The Southwest Research Institute (SwRI) recently unveiled a motion prediction system to enhance the pedestrian detection of autonomous vehicles; a system based on a “computer vision tool” that uses a “deep learning algorithm” to predict motion via real-time observations of a person’s pelvic area to determine directional changes.
[Above photo by SwRI.]
“For instance, if a pedestrian is walking west, the system can predict if that person will suddenly turn south,” said Samuel Slocum, a senior research analyst with SwRI, in a statement. “As the push for automated vehicles accelerates, this research offers several important safety features to help protect pedestrians.”
He added that although previous technologies could track and predict movements in a straight line, they were unable to anticipate sudden changes. That’s because they relied upon motion prediction generated by “optical flow” algorithms to predict direction and speed based on lateral motion. However, the accuracy of optical flow diminishes when people move in unexpected directions.
To counteract that problem, SwRI added temporal convolutional networks or TCN machine learning configurations to process video generated by autonomous vehicle guidance systems, which can predict sudden changes in motion within milliseconds with a higher level of accuracy – all designed to help autonomous vehicle control systems to react more like human drivers, explained Dr. Douglas Brooks, a manager in SwRI’s applied sensing department.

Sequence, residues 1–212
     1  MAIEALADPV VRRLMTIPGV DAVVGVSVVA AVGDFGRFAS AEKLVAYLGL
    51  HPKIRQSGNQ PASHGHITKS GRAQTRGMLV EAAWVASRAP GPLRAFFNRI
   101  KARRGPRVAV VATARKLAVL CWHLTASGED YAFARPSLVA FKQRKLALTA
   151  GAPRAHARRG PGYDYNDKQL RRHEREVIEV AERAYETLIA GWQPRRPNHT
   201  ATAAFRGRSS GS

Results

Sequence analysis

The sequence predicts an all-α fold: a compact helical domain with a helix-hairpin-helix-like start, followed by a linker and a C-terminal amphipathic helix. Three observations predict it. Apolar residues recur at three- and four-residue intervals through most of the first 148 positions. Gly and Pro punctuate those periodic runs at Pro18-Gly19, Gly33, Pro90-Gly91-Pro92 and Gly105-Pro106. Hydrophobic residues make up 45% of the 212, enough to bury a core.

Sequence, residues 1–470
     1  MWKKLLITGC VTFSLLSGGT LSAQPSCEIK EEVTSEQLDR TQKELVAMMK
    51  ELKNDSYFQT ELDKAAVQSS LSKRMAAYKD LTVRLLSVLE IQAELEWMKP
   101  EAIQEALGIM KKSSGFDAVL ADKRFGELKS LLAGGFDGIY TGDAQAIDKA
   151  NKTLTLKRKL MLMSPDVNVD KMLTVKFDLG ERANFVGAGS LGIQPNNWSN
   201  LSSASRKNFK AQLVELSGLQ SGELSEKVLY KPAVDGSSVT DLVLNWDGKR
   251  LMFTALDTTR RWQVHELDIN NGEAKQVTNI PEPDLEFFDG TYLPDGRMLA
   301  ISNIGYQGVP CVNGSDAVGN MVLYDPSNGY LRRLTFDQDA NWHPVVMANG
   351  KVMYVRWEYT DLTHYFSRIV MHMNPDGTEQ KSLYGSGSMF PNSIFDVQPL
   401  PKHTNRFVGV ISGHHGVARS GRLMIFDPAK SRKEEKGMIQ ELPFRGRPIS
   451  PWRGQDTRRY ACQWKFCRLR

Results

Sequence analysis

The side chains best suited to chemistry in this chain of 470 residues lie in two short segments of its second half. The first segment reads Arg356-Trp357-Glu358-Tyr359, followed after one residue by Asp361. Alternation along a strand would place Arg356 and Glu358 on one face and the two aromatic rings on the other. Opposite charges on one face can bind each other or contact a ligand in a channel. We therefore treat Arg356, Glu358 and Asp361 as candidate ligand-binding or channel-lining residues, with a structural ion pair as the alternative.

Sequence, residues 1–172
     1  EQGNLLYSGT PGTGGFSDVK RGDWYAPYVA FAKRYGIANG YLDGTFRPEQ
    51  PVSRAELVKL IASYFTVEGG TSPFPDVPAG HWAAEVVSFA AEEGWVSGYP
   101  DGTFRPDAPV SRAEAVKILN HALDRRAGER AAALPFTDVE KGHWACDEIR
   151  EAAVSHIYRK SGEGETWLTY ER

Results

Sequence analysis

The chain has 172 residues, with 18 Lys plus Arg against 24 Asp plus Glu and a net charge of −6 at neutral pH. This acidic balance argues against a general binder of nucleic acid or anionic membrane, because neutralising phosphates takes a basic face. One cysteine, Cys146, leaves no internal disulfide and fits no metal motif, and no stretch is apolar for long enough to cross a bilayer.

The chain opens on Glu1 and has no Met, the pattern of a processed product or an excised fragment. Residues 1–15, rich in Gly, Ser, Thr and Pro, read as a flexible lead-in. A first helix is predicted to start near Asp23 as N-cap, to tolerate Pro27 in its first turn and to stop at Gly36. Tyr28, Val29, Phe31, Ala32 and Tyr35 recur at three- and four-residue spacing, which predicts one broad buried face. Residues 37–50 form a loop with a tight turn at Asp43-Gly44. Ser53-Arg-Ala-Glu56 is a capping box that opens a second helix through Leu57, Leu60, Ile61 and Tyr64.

“If we see a pedestrian, we might prepare to slow down or change lanes in anticipation of someone crossing the street,” he said. “We take it for granted, but it’s incredibly complex for a computer to process this scene and predict scenarios.”
Such technological developments are taking on greater significance due to growing concern over the safety and reliability of autonomous vehicles, amplified by a significant uptick in pedestrian fatalities.
“Safety and deployment must come hand in hand – we cannot have one without the other,” noted Rep. Frank Pallone, Jr., D-N.J., chairman of the House of Representatives Committee on Energy and Commerce during a February 11 hearing. “Because, ultimately, public acceptance of self-driving cars depends on their reliability and safety. Troubling safety incidents, regulatory black holes, and lax oversight threaten to disrupt this critical balance and the future of this technology itself.”
Jeff Tumlin, director of transportation for the San Francisco Municipal Transportation Agency, echoed that concern at the hearing as autonomous vehicles “must traverse a much more chaotic driving environment” in dense cities.
“We can’t just hope that the industry can dramatically reduce road injuries. We need the industry to prove they can do so in dynamic, urban environments like San Francisco before they are allowed to deploy at scale,” he explained.
“While the autonomous vehicle driving behavior that we witness on our streets appears to be cautious, we can’t be certain whether this is careful driving, or whether the technology is having trouble handling these critical processing tasks,” Tumlin said.
Such concerns dovetail with growing worry over a decade-long uptick in pedestrian fatalities chronicled in a report issued by the Governors Highway Safety Association on February 27.
Jonathan Adkins, GHSA’s executive director, added that – based on his group’s analysis – over the past 10 years, the number of pedestrian fatalities on U.S. roadways has increased by more than 50 percent; accounting for 17 percent of all traffic deaths in 2019, compared to 12 percent in 2009.